Detection of gastric atrophy by circulating pepsinogens: A comparison of three assays

Marcis Leja, M. Constanza Camargo, Inese Polaka, Sergejs Isajevs, Inta Liepniece-Karele, Dainius Janciauskas, Dace Rudzite, Ilze Kikuste, Aigars Vanags, Ilona Kojalo, Valdis Folkmanis, Arnis Kirsners, Ivars Tolmanis, Charles S. Rabkin

Research output: Contribution to journalArticlepeer-review

34 Citations (Scopus)


Background: Circulating levels of pepsinogens have been used in high gastric cancer-risk Asian and European populations to triage endoscopic evaluation for more severe pathology. There are different analytic methods with uncertain correlations. We therefore compared diagnostic performance of three commonly used pepsinogen assays to detect histologically confirmed gastric atrophy. Methods: We tested plasma samples from adult patients with (n=50) and without (n=755) moderate or severe gastric corpus atrophy, as determined histologically by consensus of three expert pathologists. A single laboratory measured pepsinogens I (PgI) and II (PgII) using commercially available assays: two ELISA assays produced by Biohit (Finland) and Vector Best (Russia), and a latex agglutination assay from Eiken (Japan). Quantitative correlations were assessed by Spearman statistics. Receiver operating characteristic (ROC) curves vs histological diagnosis were calculated using both the manufacturers' and optimized cutoffs. Results: Pepsinogen levels were highly correlated among the assays (pairwise Rhos: PgI≥0.84, PgII≥0.87; all P-values<.01). Based on manufacturers' cutoffs, sensitivities, specificities and areas under the ROC curve for detecting moderate to severe histological corpus atrophy by PgI/PgII were 44%/91%/0.70, 56%/84%/0.76, and 52%/90%/0.77 for Biohit, Vector Best and Eiken, respectively. Cutoffs optimized by ROC or data mining analyses did not substantially improve test performance. Conclusions: Commercial assays for pepsinogen have good relative agreement but are imperfect tests for clinical diagnosis of gastric atrophy. Impact: Pepsinogen testing alone does not provide sufficient information for gastric cancer risk stratification. Future investigations should focus on other potential markers, in combination with pepsinogens.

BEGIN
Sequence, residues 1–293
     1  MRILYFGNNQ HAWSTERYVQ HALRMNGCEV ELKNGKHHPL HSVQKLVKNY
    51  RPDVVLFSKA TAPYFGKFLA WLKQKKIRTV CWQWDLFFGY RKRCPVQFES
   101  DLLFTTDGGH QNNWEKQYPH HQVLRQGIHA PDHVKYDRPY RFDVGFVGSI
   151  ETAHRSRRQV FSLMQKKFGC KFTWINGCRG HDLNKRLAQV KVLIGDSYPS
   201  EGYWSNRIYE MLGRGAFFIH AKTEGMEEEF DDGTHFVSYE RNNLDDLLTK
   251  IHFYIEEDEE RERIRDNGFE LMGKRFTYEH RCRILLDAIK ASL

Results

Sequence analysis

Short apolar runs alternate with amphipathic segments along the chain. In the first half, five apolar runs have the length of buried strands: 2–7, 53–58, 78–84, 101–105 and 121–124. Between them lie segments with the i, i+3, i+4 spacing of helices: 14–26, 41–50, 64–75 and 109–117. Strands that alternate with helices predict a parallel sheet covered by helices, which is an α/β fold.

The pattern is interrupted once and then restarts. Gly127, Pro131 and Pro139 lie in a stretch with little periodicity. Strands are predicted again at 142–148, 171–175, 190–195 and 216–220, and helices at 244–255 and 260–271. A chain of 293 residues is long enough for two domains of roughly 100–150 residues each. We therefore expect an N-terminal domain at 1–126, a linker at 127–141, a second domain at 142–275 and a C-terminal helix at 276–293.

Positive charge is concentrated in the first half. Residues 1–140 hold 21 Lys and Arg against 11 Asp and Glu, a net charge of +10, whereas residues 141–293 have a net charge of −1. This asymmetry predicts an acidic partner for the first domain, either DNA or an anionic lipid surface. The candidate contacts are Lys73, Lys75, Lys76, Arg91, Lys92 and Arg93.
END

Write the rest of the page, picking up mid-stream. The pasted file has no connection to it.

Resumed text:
Original languageEnglish
Article numbere12393
Issue number4
Publication statusPublished - Aug 2017
Externally publishedYes


  • atrophy
  • gastric cancer
  • pepsinogen
  • risk stratification
  • stomach

Field of Science*

  • 3.2 Clinical medicine

Publication Type*

  • 1.1. Scientific article indexed in Web of Science and/or Scopus database


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